ASIC has expanded its investigation into SurfStitch

Surf at Sydney’s Tammaramma. Brook Mitchell/Getty Images

SurfStitch, already facing two class actions and legal action by a shareholder over a content contract, has revealed that corporate regulator ASIC has expanded its investigation into the online retailer.

ASIC (Australian Securities and Investments Commission) started an investigation 12 months ago into market disclosures made by the clothing retailer.

“Since then, the scope of the investigation has expanded and, so far as the company is aware, the investigation is ongoing,” SurfStitch said in a market update today.

“The company and its employees have been co-operating and will continue to co-operate fully with ASIC.”

SurfStitch is working to stem losses from the business and is looking at sales of its media assets and the potential to offload other assets.

Next week, the company faces an extraordinary meeting called by Crown Financial, a susbtantial shareholder in SurfStitch, to remove one director, chairman Sam Weiss. Crown has also launched legal action over a disputed contract.

Separate class actions have been launched in the Supreme Courts of Queensland and New South Wales. SurfStitch is accused of misleading and deceptive conduct and breaching its continuous disclosure obligations.

The potential damages could be as high as $100 million, dwarfing the company’s market cap of about $19 million.

“The cost and disruption of the Crown Financial litigation, the Queensland and NSW Actions and the ASIC investigation continue to affect the listed entity and impact its cash position,” the company said.

“This does not prevent the ability of the key underlying retail businesses to trade and remain viable.

“The current board and management inherited a business that was in need of a turnaround, with loss making businesses and operational challenges.

“Notwithstanding these legacy issues, the company is working steadily to stem losses within the business, improve the key underlying retail business operations and deal with the litigation challenges in an orderly fashion.”

SurfStitch is in a trading halt until the company’s full year results, including a large loss, are announced in August.

The company is forecasting an underlying EBITDA (earnings before interest, tax, depreciation and amortisation) loss for the full year of between $10.5 million to $11.5 million, a sharp deterioration from the $5 million to $6.5 million forecast in February and the previous estimate of a $4 million to $5 million loss.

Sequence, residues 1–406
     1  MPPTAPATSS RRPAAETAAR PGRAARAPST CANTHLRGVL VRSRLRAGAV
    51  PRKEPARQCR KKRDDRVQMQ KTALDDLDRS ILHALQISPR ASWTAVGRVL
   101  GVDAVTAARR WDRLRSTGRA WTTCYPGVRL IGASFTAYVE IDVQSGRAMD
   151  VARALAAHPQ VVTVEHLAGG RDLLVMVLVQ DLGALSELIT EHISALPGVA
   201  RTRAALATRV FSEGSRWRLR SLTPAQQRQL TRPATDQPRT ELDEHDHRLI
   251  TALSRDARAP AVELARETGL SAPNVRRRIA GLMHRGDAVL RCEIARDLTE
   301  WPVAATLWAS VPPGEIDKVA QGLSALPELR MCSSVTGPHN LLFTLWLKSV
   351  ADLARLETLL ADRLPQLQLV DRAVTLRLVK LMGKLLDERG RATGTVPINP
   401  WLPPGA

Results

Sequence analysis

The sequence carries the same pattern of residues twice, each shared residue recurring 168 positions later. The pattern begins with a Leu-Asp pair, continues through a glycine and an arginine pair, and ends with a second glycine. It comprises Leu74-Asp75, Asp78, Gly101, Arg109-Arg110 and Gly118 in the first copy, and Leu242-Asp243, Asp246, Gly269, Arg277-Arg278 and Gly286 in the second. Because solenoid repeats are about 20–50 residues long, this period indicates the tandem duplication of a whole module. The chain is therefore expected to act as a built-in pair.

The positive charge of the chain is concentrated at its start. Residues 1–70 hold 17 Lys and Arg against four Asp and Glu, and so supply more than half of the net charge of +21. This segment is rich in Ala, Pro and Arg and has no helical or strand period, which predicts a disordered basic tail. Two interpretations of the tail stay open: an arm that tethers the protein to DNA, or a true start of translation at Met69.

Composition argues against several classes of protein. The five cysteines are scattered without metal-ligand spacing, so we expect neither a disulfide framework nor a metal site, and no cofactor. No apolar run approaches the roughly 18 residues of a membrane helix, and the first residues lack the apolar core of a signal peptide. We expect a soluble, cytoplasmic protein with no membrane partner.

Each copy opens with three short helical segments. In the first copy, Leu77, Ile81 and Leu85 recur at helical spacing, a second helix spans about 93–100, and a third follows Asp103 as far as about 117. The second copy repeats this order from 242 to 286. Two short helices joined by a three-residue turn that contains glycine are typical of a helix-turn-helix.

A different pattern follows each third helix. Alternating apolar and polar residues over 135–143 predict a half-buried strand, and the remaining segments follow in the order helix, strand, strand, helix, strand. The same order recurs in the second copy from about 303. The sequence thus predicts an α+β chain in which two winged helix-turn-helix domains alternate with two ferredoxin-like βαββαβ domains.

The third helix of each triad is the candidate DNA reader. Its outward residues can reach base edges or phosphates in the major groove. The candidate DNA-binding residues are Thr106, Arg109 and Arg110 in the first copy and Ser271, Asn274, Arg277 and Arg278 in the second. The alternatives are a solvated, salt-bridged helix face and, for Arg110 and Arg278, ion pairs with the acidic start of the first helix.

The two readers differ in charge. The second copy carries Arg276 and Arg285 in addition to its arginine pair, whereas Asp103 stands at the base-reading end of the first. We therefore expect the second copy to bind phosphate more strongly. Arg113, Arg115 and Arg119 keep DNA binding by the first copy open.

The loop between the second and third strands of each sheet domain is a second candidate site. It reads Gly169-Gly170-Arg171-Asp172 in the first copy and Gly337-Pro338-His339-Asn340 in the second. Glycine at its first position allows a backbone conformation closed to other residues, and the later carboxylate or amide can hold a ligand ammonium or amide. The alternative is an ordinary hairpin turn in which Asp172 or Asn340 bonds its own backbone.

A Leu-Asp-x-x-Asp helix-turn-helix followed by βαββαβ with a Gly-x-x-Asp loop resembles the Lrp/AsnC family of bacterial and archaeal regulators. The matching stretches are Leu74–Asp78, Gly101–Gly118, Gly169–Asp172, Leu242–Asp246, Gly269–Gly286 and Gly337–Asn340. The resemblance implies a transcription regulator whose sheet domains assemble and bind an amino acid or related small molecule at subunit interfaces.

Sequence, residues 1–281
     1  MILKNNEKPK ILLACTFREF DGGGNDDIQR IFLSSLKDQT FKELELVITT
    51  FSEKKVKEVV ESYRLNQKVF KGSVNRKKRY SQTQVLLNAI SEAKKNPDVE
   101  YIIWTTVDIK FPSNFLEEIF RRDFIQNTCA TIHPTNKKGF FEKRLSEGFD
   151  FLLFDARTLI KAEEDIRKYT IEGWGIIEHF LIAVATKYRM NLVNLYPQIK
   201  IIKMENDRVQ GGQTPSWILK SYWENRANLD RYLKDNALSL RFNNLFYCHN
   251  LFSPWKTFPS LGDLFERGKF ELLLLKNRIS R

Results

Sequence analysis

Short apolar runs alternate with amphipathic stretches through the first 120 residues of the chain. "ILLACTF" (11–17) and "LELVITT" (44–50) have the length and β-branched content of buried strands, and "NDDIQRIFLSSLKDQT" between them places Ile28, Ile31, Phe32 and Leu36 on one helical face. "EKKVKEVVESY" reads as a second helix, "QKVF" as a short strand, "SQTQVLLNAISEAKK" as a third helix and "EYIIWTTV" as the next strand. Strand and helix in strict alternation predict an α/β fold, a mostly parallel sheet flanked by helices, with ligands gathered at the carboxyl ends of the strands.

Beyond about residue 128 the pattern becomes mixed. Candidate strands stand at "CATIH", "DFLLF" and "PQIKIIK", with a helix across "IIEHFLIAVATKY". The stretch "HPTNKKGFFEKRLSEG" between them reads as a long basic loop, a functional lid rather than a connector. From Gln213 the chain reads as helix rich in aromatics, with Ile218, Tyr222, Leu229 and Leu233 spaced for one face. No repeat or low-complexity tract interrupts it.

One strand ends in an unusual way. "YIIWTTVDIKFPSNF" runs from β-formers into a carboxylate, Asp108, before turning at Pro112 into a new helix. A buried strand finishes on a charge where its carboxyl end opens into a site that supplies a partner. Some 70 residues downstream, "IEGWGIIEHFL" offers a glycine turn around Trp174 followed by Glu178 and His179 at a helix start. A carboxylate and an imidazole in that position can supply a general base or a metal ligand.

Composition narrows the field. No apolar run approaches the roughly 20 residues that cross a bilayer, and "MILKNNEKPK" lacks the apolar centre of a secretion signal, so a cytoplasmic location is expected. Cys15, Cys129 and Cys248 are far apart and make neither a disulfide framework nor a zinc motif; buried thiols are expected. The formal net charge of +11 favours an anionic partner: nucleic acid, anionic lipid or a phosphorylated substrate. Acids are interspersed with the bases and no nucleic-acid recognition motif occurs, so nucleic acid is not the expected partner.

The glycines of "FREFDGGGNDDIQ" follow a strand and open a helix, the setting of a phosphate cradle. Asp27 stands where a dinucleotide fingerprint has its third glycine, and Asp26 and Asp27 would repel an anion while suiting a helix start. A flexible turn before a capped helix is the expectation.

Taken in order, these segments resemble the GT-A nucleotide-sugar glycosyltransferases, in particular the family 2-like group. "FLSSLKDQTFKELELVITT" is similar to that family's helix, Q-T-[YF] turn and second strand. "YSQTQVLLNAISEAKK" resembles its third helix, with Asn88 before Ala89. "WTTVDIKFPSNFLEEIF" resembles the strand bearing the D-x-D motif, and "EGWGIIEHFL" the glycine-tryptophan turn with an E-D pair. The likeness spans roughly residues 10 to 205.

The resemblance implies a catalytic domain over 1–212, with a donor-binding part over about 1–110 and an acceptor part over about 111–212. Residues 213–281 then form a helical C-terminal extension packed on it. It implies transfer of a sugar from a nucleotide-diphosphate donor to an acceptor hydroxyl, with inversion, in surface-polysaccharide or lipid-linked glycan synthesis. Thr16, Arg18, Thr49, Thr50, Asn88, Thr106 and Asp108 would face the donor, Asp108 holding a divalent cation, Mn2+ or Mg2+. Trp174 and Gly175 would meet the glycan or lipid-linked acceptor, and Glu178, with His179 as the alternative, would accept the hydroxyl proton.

SurfStitch says the retail environment has made it difficult to deliver the planned sales and gross margin improvements as quickly as expected.

However, the company says it has made substantial progress in to cutting costs, streamlining operations and transferring its core SurfStitch.com website to a new platform.

Surfstitch’s management was restructured after the surprise departure of CEO and co-founder Justin Cameron in March 2016. The company then said it understood Cameron was pursuing a potential acquisition of the business in conjunction with private equity. There has been no news since.

The company found that the integration of a string of acquired businesses has been slower than anticipated and the benefits lower than expected.

In April, SurfStitch sold action and extreme sport video business Garage Entertainment to the Madman Media Group for a loss. SurfStitch in 2015 paid $15 million in cash and shares for Garage and its assets including the acclaimed Australian documentary Bra Boys.

In December, SurfStitch sold its surfboard subsidiary Surf Hardware International at a loss to investment company Gowing Bros Ltd for $17 million. The company company says the business it bought 12 months ago for $23.7 million wasn’t a good strategic fit.

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